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Stroke. 2006 Apr;37(4):946-50. Epub 2006 Mar 2.

Knowledge about risk factors for stroke: a population-based survey with 28,090 participants.

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Institute of Social Medicine, Epidemiology and Health Economics, Charité University Medical Center, Berlin, Germany.



Increased knowledge of stroke risk factors in the general population may lead to improved prevention of stroke. The objective of the present study was to assess knowledge of stroke risk factors and to determine factors associated with knowledge.


In a population-based survey, we sent a questionnaire to randomly selected residents in Berlin who were > or =50 years of age enquiring about knowledge of stroke risk factors. Knowledge was assessed in an open-ended question. In addition, we enquired about the source of participants' information. Sociodemographic factors, including age, sex, educational level, and nationality, were also assessed.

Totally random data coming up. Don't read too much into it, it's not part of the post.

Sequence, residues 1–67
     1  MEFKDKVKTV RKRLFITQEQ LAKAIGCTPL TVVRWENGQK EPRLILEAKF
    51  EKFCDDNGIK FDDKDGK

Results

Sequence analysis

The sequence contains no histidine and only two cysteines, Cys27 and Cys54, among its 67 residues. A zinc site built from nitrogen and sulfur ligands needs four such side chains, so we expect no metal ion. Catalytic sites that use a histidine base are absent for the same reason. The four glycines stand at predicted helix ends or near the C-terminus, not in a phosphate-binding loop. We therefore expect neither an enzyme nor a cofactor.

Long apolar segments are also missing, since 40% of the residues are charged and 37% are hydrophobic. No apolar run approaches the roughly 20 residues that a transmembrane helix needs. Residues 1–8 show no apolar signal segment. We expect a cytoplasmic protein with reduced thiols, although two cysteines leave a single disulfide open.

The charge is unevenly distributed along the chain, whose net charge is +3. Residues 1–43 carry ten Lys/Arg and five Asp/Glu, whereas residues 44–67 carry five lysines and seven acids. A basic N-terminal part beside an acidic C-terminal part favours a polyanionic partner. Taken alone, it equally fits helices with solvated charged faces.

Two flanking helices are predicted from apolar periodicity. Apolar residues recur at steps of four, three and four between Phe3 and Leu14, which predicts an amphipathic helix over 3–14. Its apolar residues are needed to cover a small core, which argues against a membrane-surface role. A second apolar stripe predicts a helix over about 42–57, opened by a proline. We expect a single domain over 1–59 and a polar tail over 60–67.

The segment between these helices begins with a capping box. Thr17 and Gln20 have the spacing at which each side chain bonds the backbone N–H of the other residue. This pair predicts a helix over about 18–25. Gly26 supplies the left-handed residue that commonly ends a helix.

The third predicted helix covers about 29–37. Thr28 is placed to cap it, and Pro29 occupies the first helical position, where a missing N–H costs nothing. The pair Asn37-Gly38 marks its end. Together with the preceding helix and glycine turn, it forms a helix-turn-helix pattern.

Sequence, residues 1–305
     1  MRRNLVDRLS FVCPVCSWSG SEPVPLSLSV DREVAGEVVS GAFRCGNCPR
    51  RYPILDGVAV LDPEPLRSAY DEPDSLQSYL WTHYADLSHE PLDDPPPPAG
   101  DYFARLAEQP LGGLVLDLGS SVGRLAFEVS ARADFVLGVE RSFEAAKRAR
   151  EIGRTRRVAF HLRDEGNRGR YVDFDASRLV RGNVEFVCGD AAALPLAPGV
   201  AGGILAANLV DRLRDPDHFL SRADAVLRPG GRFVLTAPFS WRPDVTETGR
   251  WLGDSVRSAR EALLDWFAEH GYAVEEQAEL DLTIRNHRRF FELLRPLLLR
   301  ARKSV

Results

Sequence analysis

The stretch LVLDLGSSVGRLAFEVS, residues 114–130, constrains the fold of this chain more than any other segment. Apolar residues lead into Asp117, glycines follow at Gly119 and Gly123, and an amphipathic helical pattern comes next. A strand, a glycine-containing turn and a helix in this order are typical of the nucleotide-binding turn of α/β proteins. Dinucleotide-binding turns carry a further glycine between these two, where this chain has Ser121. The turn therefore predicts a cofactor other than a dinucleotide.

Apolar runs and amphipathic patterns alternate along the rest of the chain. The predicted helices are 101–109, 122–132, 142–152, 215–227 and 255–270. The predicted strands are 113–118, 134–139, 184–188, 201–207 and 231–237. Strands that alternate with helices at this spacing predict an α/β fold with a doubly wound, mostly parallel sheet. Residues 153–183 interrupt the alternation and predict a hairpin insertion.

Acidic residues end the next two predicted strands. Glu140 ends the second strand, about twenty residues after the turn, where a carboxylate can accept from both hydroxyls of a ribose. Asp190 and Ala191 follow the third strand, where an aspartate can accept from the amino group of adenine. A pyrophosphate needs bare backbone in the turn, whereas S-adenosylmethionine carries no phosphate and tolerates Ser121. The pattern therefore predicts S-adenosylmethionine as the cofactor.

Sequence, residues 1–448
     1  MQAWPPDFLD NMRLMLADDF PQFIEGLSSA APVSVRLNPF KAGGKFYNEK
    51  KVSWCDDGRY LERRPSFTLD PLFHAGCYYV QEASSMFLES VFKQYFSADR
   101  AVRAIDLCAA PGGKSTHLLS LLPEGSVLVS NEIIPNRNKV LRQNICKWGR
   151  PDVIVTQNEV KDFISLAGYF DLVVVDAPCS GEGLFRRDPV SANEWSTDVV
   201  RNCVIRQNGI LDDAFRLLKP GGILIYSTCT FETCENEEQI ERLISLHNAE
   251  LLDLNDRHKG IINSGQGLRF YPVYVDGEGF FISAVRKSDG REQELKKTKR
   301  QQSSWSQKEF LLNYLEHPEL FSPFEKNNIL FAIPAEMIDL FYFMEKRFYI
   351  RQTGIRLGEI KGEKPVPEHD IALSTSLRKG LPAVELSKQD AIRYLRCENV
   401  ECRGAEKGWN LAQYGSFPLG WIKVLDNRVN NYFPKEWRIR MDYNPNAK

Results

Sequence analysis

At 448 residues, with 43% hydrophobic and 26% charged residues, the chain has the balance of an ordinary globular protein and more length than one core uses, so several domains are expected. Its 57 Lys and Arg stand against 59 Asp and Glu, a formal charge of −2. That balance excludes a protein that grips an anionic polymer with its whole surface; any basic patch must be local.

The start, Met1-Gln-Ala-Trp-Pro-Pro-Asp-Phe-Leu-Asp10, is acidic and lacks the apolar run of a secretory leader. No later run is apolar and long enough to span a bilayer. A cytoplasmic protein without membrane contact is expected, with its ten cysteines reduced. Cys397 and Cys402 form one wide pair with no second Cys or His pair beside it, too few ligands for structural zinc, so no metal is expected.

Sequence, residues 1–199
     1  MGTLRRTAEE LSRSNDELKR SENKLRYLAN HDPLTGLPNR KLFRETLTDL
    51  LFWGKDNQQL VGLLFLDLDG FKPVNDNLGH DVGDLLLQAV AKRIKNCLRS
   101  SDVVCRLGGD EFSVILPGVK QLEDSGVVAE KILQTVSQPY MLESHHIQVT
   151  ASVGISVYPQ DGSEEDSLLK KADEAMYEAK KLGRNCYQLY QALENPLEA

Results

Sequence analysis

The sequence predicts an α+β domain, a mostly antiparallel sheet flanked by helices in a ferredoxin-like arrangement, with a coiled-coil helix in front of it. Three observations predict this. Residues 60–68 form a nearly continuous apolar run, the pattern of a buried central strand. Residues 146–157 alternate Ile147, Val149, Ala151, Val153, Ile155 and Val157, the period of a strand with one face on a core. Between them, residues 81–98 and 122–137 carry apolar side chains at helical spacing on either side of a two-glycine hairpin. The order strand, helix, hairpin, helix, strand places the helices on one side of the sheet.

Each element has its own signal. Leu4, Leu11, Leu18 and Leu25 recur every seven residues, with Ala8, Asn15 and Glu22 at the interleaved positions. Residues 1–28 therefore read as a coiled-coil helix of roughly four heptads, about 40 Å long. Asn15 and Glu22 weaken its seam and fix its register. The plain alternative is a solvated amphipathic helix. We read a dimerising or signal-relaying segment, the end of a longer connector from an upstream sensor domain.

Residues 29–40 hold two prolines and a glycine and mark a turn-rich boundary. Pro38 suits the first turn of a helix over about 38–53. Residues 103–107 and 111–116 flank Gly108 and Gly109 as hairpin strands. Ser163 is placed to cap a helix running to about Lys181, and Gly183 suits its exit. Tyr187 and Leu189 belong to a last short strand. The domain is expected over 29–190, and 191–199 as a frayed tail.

A total of 28,090 of 75,720 residents (response rate, 37%) responded to the questionnaire. Of all respondents, 68% were able to name > or =1 correct stroke risk factor, and 13% named 4 correct risk factors. The majority of respondents named mass media as source of information (82%), followed by family/friends (45%) and by general physicians (20%). In multivariable analysis, increased knowledge of stroke risk factors was significantly associated with younger age, a higher educational level, not living alone, a German nationality, and having received any information about stroke during the last year. However, characteristics of respondents using the respective sources of information varied significantly.


Mass media was most frequently named as a source of information about stroke risk factors. Source of information used varied according to population characteristics. Health education programs should take this into account and be adapted accordingly.

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